“After today’s performance, what do you think your team needs to work on?”

“Well you watched the game, clearly we need to address some things.”

The coach here is obviously worried about the future games because he thinks his team is sucking dong and if they don’t fix their big fat problem they are going to keep losing. But if they’re confident about the future, they’ll talk about a team’s confidence.

“What are the takeaways from today’s game?”

“Well, there are always things to work on, but I think today showed that our team has a lot of heart and that they’re hungry to fight and eager to win. “

No one is going to say, “oh we’re gonna beat the fuck out of every other team. There is no stopping us.” And they say they have things they can work on because they don’t want everyone in the world thinking that they take practice lackadaisical or not constantly working as hard as they can to be better. But lets be honest, Sean Payton of the New Orlean Saints needs to be thinking, “God damn are we a powerhouse this year.”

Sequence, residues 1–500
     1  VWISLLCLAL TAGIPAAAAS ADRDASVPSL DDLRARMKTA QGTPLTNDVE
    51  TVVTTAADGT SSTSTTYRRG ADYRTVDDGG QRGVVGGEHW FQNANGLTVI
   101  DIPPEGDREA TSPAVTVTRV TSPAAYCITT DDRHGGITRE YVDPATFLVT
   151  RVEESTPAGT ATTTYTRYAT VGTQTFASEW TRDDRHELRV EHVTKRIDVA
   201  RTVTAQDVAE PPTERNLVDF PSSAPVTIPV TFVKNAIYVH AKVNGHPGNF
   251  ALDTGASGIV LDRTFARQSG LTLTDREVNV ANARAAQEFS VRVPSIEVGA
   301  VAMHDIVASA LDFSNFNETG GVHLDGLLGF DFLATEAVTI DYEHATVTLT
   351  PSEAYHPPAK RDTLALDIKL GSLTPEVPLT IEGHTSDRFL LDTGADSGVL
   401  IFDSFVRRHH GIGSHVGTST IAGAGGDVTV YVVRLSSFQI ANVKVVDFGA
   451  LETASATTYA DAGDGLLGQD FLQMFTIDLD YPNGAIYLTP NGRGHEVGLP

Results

THEY WILL ALWAYS TALK ABOUT THEIR FOCUS ON THE PRESENT! You know, too much thinking about he future is a bad thing right? There is a reason people try and practice mindful thinking–which is being conscious or aware of something. Everyone is always rushing to grow up until they’re old as fuck and want to turn back around.

Image result for if you don't stop and take a look around

Haven’t you ever seen Ferris Bueller? But let’s be honest, everyone thinks about the future and everyone has some worry about it. You literally fear things about the possible future for your entire life….or atlas you become okay with death, but until that, you’ll always have some fear of the future. So just assume that said athletic person is worried about the future and save everyones breath.